A study by University of Washington researcher Joshua Akey dating the age of more than 1 million single-letter variations in the human DNA code reveals most of these mutations are of recent origin, with more than 86 percent of the harmful protein-coding mutations of this type appearing in humans just during the past 5,000 to 10,000 years.
Humans have been around for roughly 100,000 years.
While each specific mutation is rare, the findings suggest the human population acquired an abundance of these single-nucleotide genetic variants in a relatively short time, Akey said.
"The spectrum of human diversity that exists today is vastly different than what it was only 200 to 400 generations ago," the genome scientist said in a university release.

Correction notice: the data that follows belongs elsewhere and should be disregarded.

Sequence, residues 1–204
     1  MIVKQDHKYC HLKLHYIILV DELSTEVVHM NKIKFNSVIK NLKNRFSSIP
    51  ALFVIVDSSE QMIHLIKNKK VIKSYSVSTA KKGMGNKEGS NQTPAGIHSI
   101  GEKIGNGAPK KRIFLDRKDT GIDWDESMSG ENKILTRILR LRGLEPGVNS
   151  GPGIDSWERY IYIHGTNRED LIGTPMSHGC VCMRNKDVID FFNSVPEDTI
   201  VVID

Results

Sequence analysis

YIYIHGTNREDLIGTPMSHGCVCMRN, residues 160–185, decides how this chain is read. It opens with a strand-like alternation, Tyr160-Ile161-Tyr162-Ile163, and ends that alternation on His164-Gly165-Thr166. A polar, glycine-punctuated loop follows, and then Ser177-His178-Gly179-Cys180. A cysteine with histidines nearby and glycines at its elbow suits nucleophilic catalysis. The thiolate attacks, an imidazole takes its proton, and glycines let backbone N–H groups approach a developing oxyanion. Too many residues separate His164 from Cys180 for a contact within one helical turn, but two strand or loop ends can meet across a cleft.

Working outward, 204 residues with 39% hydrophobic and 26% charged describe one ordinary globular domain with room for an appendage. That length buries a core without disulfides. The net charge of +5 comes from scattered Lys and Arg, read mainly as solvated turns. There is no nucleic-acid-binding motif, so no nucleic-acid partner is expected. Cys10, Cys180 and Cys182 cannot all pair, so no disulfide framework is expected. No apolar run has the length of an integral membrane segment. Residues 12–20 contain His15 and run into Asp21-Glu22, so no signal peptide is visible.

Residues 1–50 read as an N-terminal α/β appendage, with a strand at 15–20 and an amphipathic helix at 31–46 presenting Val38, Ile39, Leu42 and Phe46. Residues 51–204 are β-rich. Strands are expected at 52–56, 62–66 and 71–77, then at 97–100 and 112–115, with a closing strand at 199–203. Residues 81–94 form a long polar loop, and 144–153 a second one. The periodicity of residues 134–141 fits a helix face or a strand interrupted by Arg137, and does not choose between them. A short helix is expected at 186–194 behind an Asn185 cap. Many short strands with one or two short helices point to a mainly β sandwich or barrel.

Larger populations, as they multiply by producing children, have more opportunities for new mutations to appear, he said, and the number of mutations increases with accelerated population growth, such as the population explosion that began around 5,115 years ago.
Although the enlarged mutational capacity resulting from population growth has led to a greater incidence of genetic disorders among the world's 7 billion people, there is brighter side to the story, Akey's research group said.
Mutations have fostered the great variety of traits seen among modern humans, researchers said.
"They also may have created a new repository of advantageous genetic variants that adaptive evolution may act upon in future generations," they wrote in the study published in the journal Nature.
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